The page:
The lights are on
Everything is indeed awesome for Lego fans, with the popular bricks starring in movies, TV shows, and games. We had a chance to play Funcom’s upcoming Lego MMO, in which we battled pirates, ghosts, and a sea monster with some serious anger-management issues.
We've seen the game before, but this was the first time we've gotten our hands on it. In my demo, I joined up with two other players to pass a pirate trial. It seems Crikey the Kraken has been causing trouble in the realm, so we banded together to put a stop to him. The instanced area was filled with nods to the classic Lego pirates theme, from the look of the soldiers and islanders to the architecture and foliage. Unlike other Lego games, things don’t explode into piles of studs when they’re destroyed. Instead, players get loot, like potions and building elements.
Instead of focusing on a single, player-created hero, Lego Minifigures Online is structured around managing a team of characters. These are distributed in virtual blind bags earned through quests or microtransactions, or in redeemable codes that will be included in upcoming editions of the physical toys. Funcom says that not every character from every series of the blind bags will be represented, but that many will be. I’d be surprised, for example, to see characters from the upcoming line of minifigs based on The Simpsons included.
I swapped between a variety of characters during my hands-on time with the game, including a paintball enthusiast who blasted enemies with his marker and had a defensive flip; a skydiver who beat enemies with his fists or dropped from the sky with an area-of-effect belly flop; and a wrench-wielding mechanic who could summon a motorcycle into groups of enemies for some crowd control. Every character in the game has a main offensive capability, as well as a special ability that can be either offensive or defensive. The special abilities are activated with a press of the right mouse key, and they’re on a cooldown timer to prevent overuse.
I didn’t see the entire roster of characters in action, so I can’t definitively say that every one plays differently, but those I did use had enough variation to give me an incentive to swap between them. I ended up using the paintball guy regularly when our group was close together, though, because he was such an effective marksman. He was especially useful teamed up with a bumblebee girl. She’d cover clusters of enemies in sticky pots of honey, restricting their movement speed – making them perfect targets for my paint-filled orbs.
Our adventure took us from the sandy shores of the pirate isle, deep into the jungle, and in and out of rocky caves. There’s visual variety on display, and Funcom seems to have settled on a similar balance between having things made from Lego or realistic elements, as in the Traveller’s Tales Lego games. There don’t seem to be quite as many things to bash here as in those titles, however.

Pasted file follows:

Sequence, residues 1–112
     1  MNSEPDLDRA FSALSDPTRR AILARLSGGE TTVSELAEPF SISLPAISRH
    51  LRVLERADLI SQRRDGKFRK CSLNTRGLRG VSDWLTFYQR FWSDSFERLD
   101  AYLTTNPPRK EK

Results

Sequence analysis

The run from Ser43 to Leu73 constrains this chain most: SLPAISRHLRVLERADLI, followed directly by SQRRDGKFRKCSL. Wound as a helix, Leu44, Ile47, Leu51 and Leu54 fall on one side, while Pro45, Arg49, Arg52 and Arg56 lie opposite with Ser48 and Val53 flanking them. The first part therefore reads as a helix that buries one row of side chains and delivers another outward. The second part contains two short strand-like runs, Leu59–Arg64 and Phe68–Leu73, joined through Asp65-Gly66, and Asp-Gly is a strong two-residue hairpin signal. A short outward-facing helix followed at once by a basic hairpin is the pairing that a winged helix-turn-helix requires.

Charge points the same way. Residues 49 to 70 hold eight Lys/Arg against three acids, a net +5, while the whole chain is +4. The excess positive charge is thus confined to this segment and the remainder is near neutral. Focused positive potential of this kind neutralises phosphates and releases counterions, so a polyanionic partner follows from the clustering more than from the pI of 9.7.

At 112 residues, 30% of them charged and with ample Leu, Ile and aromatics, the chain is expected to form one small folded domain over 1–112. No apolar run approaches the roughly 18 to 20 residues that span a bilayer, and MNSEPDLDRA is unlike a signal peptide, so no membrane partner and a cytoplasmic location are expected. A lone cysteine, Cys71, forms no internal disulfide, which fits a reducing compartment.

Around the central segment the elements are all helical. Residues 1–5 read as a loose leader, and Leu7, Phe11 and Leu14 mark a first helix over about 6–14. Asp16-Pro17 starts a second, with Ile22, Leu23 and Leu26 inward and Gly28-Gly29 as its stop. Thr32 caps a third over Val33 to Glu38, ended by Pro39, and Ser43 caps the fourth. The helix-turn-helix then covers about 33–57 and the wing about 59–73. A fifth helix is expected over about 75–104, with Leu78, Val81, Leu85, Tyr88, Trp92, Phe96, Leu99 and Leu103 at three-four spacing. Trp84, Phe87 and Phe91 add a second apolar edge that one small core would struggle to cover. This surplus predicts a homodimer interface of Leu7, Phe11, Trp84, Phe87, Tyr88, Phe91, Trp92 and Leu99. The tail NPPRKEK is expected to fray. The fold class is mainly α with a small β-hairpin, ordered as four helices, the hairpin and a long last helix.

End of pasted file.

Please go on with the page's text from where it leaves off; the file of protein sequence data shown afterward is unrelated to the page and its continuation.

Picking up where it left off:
Characters are rated in a variety of areas, including their power and building ability. Building ability directly affects the speed with which they construct things in the world. Having a high ranking comes in handy, as I saw in one stretch during which we assembled some bonfires on a beach. Unlike the quick builds in other games, these can take an agonizing amount of time if your ranking is low – not a great thing since you’re often being attacked during the construction. It made for a surprisingly tense time, and it also encourages cooperation to speed up builds.
Eventually, we found our way to the boss, Crikey the Kraken. The battle stretched across multiple phases, including waves where we faced off against his minions. While my teammates were dealing with them, I frantically assembled a pair of machines positioned at either end of the arena. I didn’t know then what they would do, but I was certain that anything that swings an anchor around could only help. When Crikey started swiping at us with his giant tentacles, I was proven right. He broke the machines with each attack, but coming into contact with them also dealt him a considerable amount of damage. The battle ended with all of us attacking his grotesque eye simultaneously, and he went down for good.
Funcom has a history of developing MMORPGs for adults, including Age of Conan, Anarchy Online, and The Secret World, and I’m excited to see how they apply the lessons they’ve learned to Lego Minifigures Online. The game is due out on PC and iOS and Android tablets in 2014.
Email the author Jeff Cork, or follow on Twitter, Google+, Facebook, and Game Informer.
No one has commented on this article.